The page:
Saturday, May 19, 2018

Jean Améry, A Tortured Body, A Tortured Mind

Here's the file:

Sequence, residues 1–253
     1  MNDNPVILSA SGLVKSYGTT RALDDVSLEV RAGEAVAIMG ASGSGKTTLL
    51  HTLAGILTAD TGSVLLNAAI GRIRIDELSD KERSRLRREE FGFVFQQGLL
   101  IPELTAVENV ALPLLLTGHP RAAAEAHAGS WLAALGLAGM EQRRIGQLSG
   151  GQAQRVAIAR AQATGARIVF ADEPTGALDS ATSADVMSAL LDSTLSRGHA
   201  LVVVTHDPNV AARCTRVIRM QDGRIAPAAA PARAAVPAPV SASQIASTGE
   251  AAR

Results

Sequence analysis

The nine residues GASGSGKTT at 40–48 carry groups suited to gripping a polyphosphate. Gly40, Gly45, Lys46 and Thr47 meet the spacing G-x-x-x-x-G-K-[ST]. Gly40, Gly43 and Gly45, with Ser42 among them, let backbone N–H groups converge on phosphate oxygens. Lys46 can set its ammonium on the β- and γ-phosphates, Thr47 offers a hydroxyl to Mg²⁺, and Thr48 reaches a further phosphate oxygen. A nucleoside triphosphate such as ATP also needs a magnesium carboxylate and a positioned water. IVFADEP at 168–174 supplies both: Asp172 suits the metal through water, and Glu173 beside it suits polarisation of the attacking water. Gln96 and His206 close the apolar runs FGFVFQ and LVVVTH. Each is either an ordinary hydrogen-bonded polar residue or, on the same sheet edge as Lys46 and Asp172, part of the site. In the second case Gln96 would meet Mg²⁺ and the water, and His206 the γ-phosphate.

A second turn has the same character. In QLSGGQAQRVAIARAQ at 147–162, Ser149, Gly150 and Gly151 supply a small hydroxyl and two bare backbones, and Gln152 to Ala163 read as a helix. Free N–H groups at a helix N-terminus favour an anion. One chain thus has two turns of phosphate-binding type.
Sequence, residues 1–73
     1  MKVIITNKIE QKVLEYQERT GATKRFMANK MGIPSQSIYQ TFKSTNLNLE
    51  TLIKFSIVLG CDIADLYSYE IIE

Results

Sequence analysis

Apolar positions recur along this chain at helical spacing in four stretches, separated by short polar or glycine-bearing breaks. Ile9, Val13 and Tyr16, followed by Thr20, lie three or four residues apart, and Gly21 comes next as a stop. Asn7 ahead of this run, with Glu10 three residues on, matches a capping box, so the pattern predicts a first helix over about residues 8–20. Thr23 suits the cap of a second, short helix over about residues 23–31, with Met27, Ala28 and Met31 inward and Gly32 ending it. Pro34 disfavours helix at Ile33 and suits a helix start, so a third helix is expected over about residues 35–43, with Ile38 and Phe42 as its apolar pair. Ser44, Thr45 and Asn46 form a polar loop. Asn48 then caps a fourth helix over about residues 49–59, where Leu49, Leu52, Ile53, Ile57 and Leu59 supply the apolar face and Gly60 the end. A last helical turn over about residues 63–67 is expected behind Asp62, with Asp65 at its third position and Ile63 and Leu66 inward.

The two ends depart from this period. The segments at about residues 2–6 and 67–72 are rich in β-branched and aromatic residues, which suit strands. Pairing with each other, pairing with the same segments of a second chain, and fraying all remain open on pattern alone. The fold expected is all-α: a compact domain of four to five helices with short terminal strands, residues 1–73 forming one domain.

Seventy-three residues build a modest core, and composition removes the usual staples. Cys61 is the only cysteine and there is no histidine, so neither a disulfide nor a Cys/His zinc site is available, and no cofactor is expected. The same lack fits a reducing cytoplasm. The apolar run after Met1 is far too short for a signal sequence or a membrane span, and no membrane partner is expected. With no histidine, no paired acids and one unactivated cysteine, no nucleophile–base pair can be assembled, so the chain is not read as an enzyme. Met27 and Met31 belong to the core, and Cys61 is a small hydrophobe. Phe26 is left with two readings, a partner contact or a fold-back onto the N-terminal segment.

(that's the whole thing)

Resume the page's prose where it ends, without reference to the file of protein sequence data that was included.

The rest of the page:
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Jean Améry [born as Hans Maier in 1912 in Vienna, Austria–died in 1978 in Salzburg, Austria]. Amery’s most famous book of collected essays, which he began writing in 1964, in German, is Jenseits von Schuld und Sühne: Bewältigungsversuche eines Überwältigten; Trans: Sidney Rosenfeld and Stella P Rosenfeld), or in English, At the Mind’s Limits: Contemplations by a Survivor on Auschwitz and Its Realities, published in 1966 and re-issued ten years later. The title describes so much, including whhat happens when someone has been tortured, as Améry was by the Gestapo. A person who has been tortured forever remains tortured, notably a person of the mind who relies on abstractions and imagination. When the blows of harsh reality strike, immediately his trust in humanity is not only diminished, it is forever gone. Amery writes in “Die Tortur,” one of the essays in the book noted above: “At the first blow…trust in the world breaks down. This other person, opposite whom I exist physically in the world and with whom I can exist only as long as he does not touch my skin surface as border, forces his own corporeality on me with the first blow. He is on me and thereby destroys me. It is like a rape, a sexual act without consent […].” Torture always defeats trust. It might be that one man ruling over another is not humane; torture is its full and complete antithesis, the negation of man. For that reason alone, there is no moral reason that torture should ever be used. Améry killed himself on October 17, 1978; he was 65. Whether his was an act of defiance or of despair, one can never know with certainty; it was, however, an act of a man who had reached his limit. I have not read this book, only excerpts, but it is on my list of books to order. For more, go [here] and [here] and [here] and [here] and [here].

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